Born February 4, 1960 in White Plains, New York; died of an aortic aneurysm, January 25, 1996, at his home in Manhattan. Larson lived in poverty, waited tables, and worked seven years to bring his rock opera “Rent” to the stage — only to collapse and die the night before previews were to open at the Off-Broadway New York Theater Workshop. The show’s initial five-week run sold out within 24 hours of opening night, and the play became an enormous critical and popular success. In addition, “Rent” achieved Larson’s ambition of updating musical theater and making it socially and personally relevant to a younger audience. NEWSDAY’s Linda Winer called it “the first original breakthrough rock musical since ‘Hair.'” The fresh, provocative, and exuberant show — and Larson’s heartbreaking story — quickly became Broadway legend. “The show features, among forty well-sung numbers, three songs that are as passionate, unpretentious and powerful as anything I’ve heard in musical theatre for more than a decade,” John Lahr wrote in THE NEW YORKER. “His songs have urgency — a sense of mourning and mystery which insists on seizing the moment. … Larson’s … talent and his big heart are impossible to miss. His songs spill over with feeling and ideas; his work is both juicy and haunting.”
Larson lived his childhood amidst drama clubs and music lessons. He played the tuba in high school and attended Adelphi University in Garden City, New York. Although he graduated with dreams of becoming an actor, Stephen Sondheim encouraged him to focus on composing. Larson was a Sondheim disciple and his early work suggested his future success. He won the Richard Rodgers Studio Production Award from the American Academy of Arts and Letters for a workshop version of “Rent,” and a Rodgers Development Grant for a futuristic rock musical called “Suburbia.” He also earned a Stephen Sondheim Award from the American Music Theater Festival; composed the eclectic rock-to-ragtime score for a musical called “J.P. Morgan Saves the Nation”; and performed a rock monologue called “Tick, Tick, Boom” at the New York Theater Workshop and other stages.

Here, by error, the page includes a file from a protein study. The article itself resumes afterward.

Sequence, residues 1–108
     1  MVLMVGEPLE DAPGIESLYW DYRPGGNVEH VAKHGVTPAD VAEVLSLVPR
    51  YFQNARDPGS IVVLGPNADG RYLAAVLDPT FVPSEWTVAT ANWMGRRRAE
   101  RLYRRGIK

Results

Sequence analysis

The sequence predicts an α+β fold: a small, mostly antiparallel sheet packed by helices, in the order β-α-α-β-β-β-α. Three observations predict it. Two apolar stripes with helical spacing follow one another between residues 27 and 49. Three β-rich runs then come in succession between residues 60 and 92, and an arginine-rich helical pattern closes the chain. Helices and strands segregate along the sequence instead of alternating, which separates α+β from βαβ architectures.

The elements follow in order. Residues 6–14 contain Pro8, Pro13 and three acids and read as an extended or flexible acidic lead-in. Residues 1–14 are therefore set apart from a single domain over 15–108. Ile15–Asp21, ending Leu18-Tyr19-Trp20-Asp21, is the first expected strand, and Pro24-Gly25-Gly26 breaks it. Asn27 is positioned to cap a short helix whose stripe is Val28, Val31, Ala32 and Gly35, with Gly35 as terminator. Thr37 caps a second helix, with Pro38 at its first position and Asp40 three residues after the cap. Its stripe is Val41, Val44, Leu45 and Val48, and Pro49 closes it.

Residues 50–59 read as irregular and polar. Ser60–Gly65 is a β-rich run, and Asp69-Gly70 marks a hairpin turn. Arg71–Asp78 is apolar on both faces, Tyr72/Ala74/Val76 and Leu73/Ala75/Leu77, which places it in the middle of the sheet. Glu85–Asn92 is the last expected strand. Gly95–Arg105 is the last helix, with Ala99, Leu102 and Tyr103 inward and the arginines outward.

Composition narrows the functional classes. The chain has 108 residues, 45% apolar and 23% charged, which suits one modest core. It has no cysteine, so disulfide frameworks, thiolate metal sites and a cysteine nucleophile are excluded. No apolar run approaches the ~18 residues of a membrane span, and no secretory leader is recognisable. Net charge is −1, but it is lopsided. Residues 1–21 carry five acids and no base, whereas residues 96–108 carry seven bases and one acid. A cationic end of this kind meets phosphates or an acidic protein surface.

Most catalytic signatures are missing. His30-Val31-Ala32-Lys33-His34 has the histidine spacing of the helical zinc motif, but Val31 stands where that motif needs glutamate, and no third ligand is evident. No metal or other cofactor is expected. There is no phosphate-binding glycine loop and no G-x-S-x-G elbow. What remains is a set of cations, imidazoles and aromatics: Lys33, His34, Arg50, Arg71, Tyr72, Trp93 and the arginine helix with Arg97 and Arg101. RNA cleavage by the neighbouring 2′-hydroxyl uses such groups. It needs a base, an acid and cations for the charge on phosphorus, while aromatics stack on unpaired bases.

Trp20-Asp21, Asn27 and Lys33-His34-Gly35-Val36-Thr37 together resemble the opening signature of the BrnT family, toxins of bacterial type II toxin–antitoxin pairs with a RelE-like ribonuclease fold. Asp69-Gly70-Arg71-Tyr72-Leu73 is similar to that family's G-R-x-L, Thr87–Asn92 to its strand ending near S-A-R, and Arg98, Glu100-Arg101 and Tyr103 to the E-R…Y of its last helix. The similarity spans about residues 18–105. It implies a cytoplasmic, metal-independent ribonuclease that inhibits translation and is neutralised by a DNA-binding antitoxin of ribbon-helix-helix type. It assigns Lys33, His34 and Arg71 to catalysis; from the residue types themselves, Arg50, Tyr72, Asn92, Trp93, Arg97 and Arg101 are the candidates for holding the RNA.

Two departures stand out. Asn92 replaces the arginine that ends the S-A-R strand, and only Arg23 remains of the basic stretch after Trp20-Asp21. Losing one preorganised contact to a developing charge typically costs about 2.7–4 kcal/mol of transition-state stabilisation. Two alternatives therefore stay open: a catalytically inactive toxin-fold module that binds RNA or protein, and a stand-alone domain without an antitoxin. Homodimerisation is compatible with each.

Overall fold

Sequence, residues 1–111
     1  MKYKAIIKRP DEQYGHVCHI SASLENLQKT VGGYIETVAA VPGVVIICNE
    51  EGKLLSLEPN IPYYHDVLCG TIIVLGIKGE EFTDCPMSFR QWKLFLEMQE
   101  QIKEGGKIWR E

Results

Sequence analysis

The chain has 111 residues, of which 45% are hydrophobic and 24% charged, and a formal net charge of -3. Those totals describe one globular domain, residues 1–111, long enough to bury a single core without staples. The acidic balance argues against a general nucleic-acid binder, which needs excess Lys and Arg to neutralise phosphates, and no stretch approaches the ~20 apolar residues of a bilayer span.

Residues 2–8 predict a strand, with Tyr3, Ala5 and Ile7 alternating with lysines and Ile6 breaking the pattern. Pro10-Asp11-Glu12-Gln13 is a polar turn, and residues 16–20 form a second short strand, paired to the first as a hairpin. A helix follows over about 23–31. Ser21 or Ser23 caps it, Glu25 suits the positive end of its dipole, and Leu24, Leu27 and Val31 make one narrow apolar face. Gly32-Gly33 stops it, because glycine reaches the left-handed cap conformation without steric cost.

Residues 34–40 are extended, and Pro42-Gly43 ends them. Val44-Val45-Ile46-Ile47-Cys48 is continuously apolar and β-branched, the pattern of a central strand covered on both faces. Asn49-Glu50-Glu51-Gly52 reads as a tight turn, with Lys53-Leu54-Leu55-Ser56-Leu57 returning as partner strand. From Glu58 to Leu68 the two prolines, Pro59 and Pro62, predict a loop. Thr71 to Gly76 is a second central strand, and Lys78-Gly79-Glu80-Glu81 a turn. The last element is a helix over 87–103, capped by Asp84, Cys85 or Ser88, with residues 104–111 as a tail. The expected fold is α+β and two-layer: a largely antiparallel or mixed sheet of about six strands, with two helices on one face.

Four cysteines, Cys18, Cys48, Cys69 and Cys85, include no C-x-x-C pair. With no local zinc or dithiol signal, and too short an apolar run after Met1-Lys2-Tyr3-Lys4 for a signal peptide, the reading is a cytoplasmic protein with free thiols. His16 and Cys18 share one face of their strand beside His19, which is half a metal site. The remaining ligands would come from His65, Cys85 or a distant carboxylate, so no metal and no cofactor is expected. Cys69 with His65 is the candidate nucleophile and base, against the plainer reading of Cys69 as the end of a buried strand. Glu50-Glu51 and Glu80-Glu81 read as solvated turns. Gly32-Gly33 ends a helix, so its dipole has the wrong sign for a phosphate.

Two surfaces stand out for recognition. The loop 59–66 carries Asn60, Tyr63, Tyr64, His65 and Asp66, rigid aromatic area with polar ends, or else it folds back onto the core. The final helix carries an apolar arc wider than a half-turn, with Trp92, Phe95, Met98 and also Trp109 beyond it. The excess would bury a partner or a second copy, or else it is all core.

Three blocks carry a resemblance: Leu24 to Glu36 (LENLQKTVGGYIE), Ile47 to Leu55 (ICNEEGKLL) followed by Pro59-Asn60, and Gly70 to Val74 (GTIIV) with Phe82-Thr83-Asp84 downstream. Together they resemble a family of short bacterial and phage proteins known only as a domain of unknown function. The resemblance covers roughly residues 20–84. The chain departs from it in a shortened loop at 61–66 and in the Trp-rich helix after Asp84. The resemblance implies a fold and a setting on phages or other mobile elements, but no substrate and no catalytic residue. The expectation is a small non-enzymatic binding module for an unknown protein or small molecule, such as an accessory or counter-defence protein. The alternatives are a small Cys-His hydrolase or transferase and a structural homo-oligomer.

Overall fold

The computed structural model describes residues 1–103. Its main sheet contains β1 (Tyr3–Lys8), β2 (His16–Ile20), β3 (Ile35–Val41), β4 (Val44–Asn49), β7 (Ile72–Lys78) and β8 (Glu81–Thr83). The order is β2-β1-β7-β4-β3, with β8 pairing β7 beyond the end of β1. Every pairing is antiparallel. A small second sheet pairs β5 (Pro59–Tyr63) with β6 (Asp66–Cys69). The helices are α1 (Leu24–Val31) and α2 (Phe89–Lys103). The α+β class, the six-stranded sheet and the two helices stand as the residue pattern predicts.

“Rent” is based on the classic Puccini opera “La Bohème.” The musical is set in a dingy, dishevelled loft apartment in New York’s East Village and depicts “young … artists struggling to celebrate life in the shadow of drugs, poverty and AIDS,” Jonathan Wiederhorn wrote in ROLLING STONE. Larson’s score blends pop, dance, dance, salsa, rhythm and blues, gospel, and rock music, while his characters update those of Puccini: Rodolfo, the lovelorn poet, is resurrected in punk-rocker Roger; Marcello the painter becomes Mark the videographer; Mimi trades tuberculosis for HIV. “In both productions,” Wiederhorn noted, “the main characters are threatened with eviction and burn their written work to stay warm.” Larson, however, leavens the lost dreams and lives with his show’s “emphasis on love, friendship, and survival.”
As the debut of “Rent” approached, Larson lived in poverty similar to that endured by his characters. He stopped working in a SoHo diner only two months before the play opened and dreamed of earning enough money to afford cable TV. Ten days before he died, Larson sold some of his books to get money for a movie ticket. “It’s both tragic and ironic that Larson … never saw ticket holders enjoy his show,” Wiederhorn wrote. “Even more uncanny are the parallels between Larson’s life and his characters’ — many of whom cling to life knowing that it could end at any moment.”
- Stephen Sondheim
Source: Excerpted from NEWSMAKERS 1997, ISSUE 4, Gale Research, © 1997 Gale Research. Reprinted by permission of The Gale Group.
Photo credits: Photofest and the New York Public Library